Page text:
Economic sanctions are vital to countering threats to US interests, from rogue states to the Islamic State group, but overusing them risks weakening America's global economic clout, US Treasury Secretary Jacob Lew warned yesterday.
“Sanctions should not be used lightly,” Lew said in a wide-ranging speech that parsed the successes and limitations of decades of sanctions — from the nationwide Cuban embargo to the targeted and flexible measures used against Iran or North Korea.
“We must be conscious of the risk that overuse of sanctions could undermine our leadership position within the global economy, and the effectiveness of our sanctions themselves,” he told The Carnegie Endowment for International Peace in Washington.
Among the risks he identified was the prospect of sanctions weakening the role of the dollar on global markets.
“If foreign jurisdictions and companies feel that we will deploy sanctions without sufficient justification or for inappropriate reasons — secondary sanctions in particular — we should not be surprised if they look for ways to avoid doing business in the United States or in US dollars.”
“Our central role must not be taken for granted,” Lew warned.
“The risk that sanctions overreach will ultimately drive business activity from the US financial system could become more acute if alternatives to the United States as a center of financial activity, and to the US dollar as the world's preeminent reserve currency, assume a larger role in the global financial system.”
Over the decades, Lew said, the United States has evolved from the rudimentary model of blanket sanctions, which risked inflicting “costs on innocent civilians,” to far more fine-tuned measures enforced in concert with its international partners.
Lew highlighted the case of Iran as an example of how best to leverage sanctions to obtain change, including by building support from US partners, and offering targeted relief when the measures succeed.
“Our sanctions against Iran's nuclear program are the most powerful example of how a broad-based effort, coupled with serious diplomacy, can succeed,” Lew said.
As concerns mounted about Iran's nuclear ambitions and defiance of international regulations, the United States began by imposing its own sanctions on Iranian banks and businesses and reached out to allies to work together to pressure Iran's economy.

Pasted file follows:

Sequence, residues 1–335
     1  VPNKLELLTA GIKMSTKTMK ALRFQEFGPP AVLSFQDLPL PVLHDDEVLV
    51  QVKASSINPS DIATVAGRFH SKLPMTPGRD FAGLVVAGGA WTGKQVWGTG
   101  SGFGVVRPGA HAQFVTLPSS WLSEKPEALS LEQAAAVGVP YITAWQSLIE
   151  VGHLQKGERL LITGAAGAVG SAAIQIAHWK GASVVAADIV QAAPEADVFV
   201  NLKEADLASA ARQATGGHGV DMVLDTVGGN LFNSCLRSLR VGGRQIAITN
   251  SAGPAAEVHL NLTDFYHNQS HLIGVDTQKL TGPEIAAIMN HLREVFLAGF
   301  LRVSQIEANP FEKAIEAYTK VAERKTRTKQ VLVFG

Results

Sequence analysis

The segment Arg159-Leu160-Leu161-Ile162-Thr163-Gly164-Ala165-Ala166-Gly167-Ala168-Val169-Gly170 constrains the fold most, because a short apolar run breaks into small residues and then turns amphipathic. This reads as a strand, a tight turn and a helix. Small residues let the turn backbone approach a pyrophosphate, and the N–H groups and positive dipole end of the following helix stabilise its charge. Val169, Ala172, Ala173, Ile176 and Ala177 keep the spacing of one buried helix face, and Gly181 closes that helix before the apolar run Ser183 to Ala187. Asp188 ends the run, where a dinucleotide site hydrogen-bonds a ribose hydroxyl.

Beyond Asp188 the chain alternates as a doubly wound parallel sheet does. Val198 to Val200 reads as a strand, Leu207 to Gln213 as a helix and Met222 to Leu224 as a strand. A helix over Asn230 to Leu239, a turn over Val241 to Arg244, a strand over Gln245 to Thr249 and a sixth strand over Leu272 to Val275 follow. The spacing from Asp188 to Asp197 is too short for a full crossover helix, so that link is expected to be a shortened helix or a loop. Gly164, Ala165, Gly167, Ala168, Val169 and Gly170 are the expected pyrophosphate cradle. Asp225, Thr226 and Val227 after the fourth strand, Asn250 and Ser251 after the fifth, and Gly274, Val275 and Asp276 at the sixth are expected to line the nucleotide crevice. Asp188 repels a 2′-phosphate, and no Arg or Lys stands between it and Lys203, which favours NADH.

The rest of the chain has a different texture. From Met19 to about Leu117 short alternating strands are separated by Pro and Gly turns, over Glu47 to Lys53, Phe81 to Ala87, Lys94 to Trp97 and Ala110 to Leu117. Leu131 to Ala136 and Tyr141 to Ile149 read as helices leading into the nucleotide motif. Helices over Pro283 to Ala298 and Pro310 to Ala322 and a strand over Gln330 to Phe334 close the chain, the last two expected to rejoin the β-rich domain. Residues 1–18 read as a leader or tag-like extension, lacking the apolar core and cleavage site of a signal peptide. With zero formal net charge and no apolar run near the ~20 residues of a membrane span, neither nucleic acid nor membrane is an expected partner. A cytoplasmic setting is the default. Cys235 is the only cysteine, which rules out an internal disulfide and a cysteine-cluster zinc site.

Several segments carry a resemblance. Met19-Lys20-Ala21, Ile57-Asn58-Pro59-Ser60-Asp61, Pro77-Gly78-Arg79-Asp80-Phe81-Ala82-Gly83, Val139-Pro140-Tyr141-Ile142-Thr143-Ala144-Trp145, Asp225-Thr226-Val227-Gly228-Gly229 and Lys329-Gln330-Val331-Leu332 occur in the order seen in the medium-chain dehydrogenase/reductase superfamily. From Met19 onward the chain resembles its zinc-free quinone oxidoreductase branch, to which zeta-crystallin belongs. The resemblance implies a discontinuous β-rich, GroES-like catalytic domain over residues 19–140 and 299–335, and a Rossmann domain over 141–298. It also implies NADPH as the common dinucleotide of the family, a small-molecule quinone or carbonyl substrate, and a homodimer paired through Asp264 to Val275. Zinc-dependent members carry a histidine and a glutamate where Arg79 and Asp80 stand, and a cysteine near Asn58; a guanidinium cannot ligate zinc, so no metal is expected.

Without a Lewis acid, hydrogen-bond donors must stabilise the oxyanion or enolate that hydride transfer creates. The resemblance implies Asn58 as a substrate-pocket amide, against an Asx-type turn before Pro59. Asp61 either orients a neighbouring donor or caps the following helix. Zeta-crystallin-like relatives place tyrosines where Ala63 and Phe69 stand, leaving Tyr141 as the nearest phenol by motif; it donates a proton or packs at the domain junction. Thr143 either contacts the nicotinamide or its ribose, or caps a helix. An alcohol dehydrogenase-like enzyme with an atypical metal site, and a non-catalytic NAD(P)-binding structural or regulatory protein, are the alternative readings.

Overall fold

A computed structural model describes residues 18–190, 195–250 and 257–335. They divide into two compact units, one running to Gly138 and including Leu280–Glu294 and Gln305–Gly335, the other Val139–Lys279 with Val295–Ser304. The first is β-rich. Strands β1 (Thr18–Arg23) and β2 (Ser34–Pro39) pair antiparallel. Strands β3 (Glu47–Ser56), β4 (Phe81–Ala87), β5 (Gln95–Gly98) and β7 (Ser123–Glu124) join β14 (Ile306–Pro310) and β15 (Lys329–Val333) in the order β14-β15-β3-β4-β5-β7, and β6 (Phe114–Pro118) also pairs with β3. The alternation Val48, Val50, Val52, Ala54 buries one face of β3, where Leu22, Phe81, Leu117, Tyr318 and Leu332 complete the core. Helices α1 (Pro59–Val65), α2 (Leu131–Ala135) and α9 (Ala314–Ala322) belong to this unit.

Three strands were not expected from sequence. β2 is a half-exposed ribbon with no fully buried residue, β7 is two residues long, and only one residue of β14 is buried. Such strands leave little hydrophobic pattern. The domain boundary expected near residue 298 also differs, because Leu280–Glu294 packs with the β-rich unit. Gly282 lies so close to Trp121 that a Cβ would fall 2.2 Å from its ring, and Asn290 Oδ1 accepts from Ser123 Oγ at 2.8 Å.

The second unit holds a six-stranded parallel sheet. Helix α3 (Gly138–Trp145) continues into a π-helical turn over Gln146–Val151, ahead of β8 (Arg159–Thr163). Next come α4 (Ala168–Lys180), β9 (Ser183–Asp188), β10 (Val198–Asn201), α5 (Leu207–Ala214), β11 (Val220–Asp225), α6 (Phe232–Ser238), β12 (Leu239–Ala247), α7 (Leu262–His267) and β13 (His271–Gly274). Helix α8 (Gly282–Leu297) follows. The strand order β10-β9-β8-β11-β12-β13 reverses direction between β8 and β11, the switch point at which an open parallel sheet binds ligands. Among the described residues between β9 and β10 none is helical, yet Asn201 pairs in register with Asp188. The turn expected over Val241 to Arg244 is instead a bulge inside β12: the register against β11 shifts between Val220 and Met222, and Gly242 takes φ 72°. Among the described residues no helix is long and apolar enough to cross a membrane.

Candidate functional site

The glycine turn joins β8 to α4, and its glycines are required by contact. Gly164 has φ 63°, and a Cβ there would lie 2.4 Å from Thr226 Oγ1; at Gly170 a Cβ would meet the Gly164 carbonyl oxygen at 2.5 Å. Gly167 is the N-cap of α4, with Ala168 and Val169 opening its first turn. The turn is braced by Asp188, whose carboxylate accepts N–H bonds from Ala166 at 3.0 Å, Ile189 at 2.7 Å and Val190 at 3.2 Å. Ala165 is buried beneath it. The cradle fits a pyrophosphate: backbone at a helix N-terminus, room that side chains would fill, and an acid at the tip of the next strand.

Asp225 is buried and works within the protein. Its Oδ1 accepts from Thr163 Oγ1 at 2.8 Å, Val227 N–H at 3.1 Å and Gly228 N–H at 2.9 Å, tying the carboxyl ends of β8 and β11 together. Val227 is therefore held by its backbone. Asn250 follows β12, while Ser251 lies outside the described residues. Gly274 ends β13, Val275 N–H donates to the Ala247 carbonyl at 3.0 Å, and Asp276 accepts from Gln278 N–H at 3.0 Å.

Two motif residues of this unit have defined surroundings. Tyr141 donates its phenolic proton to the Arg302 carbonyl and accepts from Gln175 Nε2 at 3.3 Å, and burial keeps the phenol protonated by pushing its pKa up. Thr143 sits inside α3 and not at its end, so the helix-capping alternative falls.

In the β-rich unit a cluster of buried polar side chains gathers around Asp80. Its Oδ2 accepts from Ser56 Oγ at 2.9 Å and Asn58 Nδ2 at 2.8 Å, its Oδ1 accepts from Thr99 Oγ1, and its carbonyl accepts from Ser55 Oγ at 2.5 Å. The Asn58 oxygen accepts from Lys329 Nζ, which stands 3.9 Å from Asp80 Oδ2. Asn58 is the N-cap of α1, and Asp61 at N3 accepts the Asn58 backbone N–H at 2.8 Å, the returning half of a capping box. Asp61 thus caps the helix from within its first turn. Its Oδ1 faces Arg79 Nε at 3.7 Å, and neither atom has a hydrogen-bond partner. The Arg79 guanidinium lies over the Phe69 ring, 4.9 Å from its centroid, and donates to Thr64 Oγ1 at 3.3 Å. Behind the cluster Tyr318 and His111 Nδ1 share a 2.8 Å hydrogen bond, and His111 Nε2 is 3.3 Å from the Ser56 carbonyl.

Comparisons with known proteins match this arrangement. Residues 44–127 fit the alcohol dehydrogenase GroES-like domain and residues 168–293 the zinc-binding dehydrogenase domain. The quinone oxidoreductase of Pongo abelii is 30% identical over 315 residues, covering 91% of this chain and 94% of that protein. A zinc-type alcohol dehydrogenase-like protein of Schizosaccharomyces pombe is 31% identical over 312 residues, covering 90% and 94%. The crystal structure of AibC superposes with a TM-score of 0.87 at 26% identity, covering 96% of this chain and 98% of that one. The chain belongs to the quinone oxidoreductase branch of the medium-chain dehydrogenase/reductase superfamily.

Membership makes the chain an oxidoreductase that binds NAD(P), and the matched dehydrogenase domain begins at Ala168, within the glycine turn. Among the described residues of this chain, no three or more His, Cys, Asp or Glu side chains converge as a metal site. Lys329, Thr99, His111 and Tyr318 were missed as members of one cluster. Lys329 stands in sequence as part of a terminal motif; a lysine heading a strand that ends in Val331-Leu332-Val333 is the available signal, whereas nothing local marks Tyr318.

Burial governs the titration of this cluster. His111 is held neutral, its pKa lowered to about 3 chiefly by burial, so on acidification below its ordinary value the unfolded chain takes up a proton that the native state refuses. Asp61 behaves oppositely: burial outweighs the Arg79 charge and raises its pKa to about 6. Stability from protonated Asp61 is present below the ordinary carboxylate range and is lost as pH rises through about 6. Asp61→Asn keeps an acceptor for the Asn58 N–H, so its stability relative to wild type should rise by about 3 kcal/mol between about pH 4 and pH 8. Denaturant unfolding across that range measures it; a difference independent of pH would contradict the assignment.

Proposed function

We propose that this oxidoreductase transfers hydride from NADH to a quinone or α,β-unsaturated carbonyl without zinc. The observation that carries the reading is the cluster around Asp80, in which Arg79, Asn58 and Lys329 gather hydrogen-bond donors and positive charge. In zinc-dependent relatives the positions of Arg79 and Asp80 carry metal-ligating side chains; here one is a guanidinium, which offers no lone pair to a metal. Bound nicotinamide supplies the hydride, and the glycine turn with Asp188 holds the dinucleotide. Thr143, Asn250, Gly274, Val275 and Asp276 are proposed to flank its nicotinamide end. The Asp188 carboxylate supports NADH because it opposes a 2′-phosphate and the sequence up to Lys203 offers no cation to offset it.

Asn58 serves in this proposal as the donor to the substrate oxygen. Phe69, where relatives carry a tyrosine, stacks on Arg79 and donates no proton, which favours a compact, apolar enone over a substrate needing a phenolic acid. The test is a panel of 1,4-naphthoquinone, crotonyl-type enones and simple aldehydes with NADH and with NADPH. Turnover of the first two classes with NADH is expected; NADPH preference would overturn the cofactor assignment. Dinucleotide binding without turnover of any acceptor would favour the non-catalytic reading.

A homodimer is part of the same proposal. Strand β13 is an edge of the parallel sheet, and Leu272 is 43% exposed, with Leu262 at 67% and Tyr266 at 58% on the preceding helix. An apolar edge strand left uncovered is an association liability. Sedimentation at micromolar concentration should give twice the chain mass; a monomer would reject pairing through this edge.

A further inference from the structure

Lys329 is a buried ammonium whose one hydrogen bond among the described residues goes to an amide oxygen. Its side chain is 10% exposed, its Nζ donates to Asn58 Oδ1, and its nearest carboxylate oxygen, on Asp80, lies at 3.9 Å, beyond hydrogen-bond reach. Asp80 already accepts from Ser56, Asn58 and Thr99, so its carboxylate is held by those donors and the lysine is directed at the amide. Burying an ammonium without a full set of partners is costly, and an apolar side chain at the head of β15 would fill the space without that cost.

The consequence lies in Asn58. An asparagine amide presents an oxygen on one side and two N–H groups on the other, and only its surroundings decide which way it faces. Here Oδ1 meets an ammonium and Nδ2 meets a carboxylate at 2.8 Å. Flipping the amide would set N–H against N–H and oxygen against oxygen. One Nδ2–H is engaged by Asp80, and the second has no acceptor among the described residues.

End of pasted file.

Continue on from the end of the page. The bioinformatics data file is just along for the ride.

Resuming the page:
By 2010, four UN Security Council resolutions had raised pressure on Iran.
Through sanctions and diplomatic efforts, Iran last year agreed with the United States and five other major powers to curb sensitive nuclear activities in exchange for targeted sanctions relief.
“We secured a comprehensive arrangement to cut off all of Iran's pathways to a nuclear weapon, removing a serious threat from a region that cannot afford further destabilisation,” Lew said.
By contrast, Lew pointed at five decades of a unilateral US trade embargo on Cuba to illustrate how sanctions can be hobbled by a lack of international support.
Some of the closest US partners such as Canada and the European Union barred domestic companies from following the sanctions, and the embargo put the country at odds with much of Latin America.
North Korea, IS
The lessons learned, Lew argued, now need to inform how the United States tackles the major threats represented by North Korea and the Islamic State group.
In the case of North Korea, Washington is working closely with China, Pyongyang's sole major ally, and the international community in imposing sanctions on key economic sectors.
“North Korea's leadership has prioritised the pursuit of nuclear weapons over just about anything else, including economic growth or the day-to-day lives of its own people,” Lew said.
“But it is precisely because of this that we must work closely with China and others in the region to ensure strong implementation of the new sanctions.”
Using sanctions against IS presents a greater challenge because the group is mostly self-financing, and “not as susceptible to the donor and facilitator-focused approach we used with other terrorist organisations, such as Al-Qaeda or Hezbollah,” he said.
“But ISIL has vulnerabilities, which we have attacked step by step, using sanctions as just one part of a much broader effort to cut it off from the international financial system and curtail its renewable sources of funding,” Lew said, using an alternative acronym for the jihadists.
He highlighted the Iraqi government's steps to curtail IS access to public salary payments and, in recent months, the US-led coalition's targeting of the group's entire oil supply line in Iraq.
“We are clear-eyed about the challenge we face in going after ISIL's finances,” Lew said. “Through a targeted and multilateral effort — built upon years of international coordination — we have accomplished a great deal, but we still have much more to do.” Source: AFP